Robert Copland: Poems

By Robert Copland Edited by Mary Carpenter Erler

© 1992

Robert Copland (fl. 1505-1546) had a long career as a poet, translator, and printer, and his achievements were substantial. As a printer, he worked for and with Wynkyn de Worde, and his editions look back to the work of Caxton, de Worde's master, and forward, through the work of his successor William Copland, to the Elizabethan period. As a translator, he worked at a time when foreign languages were becoming increasingly necessary to the average Englishman. John Berdan calls Copland one of the main channels of French influence in England during this period.

This book makes available the lively poetry of a pre-Renaissance world. In includes lyl of Braintfords Testament, a bequest of farts poem indebted to Chaucer's Summoner's Tale; The Seuen Sorowes That Women Haue When Theyr Husbandes Be Deade, in which conventional misogynist satire moves into psychological complexity; and Copland's most important work, The Hye Way to the Spyttell Hous, an account of vagabond life outside the law in which thieves' cant first sees print. All Copland's work displays a singularly personal quality: as H.R. Plomer says, 'The voice of Robert Copland imparts life to the faint outline that we have of him.'

Additional information is contained in the biographical material and notes and glossary. This is a valuable contribution to social history and will be of special interest to those concerned with the early history of English printing.

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Product Details

  • Series: Heritage
  • World Rights
  • Page Count: 282 pages
  • Dimensions: 6.0in x 0.6in x 9.0in
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SKU# SP001374

  • PUBLISHED OCT 1993

    From: $26.21

    Regular Price: $34.95

    ISBN 9781487591236
  • PUBLISHED OCT 1993

    From: $26.21

    Regular Price: $34.95

Quick Overview

This book makes available the lively poetry of a pre-Renaissance world. All Copland's work displays a singularly personal quality: as H.R. Plomer says, 'The voice of Robert Copland imparts life to the faint outline that we have of him.'

Robert Copland: Poems

By Robert Copland Edited by Mary Carpenter Erler

© 1992

Robert Copland (fl. 1505-1546) had a long career as a poet, translator, and printer, and his achievements were substantial. As a printer, he worked for and with Wynkyn de Worde, and his editions look back to the work of Caxton, de Worde's master, and forward, through the work of his successor William Copland, to the Elizabethan period. As a translator, he worked at a time when foreign languages were becoming increasingly necessary to the average Englishman. John Berdan calls Copland one of the main channels of French influence in England during this period.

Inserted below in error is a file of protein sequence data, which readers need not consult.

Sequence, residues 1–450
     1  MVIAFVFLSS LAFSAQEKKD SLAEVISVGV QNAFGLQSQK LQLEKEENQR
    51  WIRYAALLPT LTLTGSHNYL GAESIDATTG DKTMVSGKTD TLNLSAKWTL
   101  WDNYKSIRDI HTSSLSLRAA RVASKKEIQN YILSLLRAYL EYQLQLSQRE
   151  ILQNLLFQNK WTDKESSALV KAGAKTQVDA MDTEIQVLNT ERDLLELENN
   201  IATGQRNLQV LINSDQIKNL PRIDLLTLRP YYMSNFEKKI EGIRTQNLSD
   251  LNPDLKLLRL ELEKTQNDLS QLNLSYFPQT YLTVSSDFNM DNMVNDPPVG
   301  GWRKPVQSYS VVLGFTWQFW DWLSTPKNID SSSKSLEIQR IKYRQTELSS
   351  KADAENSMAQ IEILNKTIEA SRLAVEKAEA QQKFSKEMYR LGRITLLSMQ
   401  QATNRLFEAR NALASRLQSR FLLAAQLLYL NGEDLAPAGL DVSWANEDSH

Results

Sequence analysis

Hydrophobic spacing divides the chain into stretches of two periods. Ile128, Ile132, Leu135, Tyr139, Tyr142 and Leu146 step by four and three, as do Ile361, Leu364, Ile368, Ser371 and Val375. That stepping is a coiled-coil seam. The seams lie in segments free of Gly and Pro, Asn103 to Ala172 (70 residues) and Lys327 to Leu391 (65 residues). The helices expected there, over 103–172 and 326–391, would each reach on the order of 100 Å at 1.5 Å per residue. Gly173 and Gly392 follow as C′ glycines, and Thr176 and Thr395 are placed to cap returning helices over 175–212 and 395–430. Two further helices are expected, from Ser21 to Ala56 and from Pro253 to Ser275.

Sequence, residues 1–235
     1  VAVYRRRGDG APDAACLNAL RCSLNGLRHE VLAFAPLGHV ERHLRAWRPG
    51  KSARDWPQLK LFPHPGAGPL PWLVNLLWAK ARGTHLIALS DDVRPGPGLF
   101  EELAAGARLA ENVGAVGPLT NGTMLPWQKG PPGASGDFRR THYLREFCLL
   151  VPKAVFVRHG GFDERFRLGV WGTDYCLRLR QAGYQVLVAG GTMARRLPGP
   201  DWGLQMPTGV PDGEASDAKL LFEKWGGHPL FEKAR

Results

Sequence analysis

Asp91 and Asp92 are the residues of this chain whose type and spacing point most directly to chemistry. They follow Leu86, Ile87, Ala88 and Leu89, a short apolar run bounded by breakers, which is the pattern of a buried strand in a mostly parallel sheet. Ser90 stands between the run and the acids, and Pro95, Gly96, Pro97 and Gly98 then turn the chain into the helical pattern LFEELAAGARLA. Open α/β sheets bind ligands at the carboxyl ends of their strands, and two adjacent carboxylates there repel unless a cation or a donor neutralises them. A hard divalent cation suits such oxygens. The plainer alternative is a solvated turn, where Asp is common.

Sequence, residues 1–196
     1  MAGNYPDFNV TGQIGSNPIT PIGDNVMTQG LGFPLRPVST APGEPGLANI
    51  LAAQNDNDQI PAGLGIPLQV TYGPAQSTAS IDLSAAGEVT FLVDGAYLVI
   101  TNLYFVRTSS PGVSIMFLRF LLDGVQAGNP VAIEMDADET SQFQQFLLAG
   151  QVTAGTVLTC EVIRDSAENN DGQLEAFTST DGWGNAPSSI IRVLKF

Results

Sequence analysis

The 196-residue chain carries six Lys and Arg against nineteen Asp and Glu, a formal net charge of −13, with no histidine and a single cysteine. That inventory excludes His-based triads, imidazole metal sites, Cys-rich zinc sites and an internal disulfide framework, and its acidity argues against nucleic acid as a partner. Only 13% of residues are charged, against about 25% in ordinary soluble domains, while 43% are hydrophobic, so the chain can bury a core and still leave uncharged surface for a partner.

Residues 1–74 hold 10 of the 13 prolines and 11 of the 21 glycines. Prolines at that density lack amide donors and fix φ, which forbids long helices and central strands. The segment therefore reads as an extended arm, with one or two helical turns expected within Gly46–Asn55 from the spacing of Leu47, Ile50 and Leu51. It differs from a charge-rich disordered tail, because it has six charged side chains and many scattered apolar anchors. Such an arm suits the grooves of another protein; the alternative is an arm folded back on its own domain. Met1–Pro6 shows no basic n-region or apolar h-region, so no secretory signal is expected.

This book makes available the lively poetry of a pre-Renaissance world. In includes lyl of Braintfords Testament, a bequest of farts poem indebted to Chaucer's Summoner's Tale; The Seuen Sorowes That Women Haue When Theyr Husbandes Be Deade, in which conventional misogynist satire moves into psychological complexity; and Copland's most important work, The Hye Way to the Spyttell Hous, an account of vagabond life outside the law in which thieves' cant first sees print. All Copland's work displays a singularly personal quality: as H.R. Plomer says, 'The voice of Robert Copland imparts life to the faint outline that we have of him.'

Additional information is contained in the biographical material and notes and glossary. This is a valuable contribution to social history and will be of special interest to those concerned with the early history of English printing.

Continue Reading Read Less

Product Details

  • Series: Heritage
  • World Rights
  • Page Count: 282 pages
  • Dimensions: 6.0in x 0.6in x 9.0in
  • Author Information

    Robert Copland is (fl. 1505-1546) had a long career as a poet, translator, and printer, and his achievements were substantial. As a printer, he worked for and with Wynkyn de Worde, and his editions look back to the work of Caxton, de Worde's master, and forward, through the work of his successor William Copland, to the Elizabethan period. As a translator, he worked at a time when foreign languages were becoming increasingly necessary to the average Englishman. John Berdan calls Copland one of the main channels of French influence in England during this period.



    Mary Carpenter Erler is Associate Professor of English at Fordham University.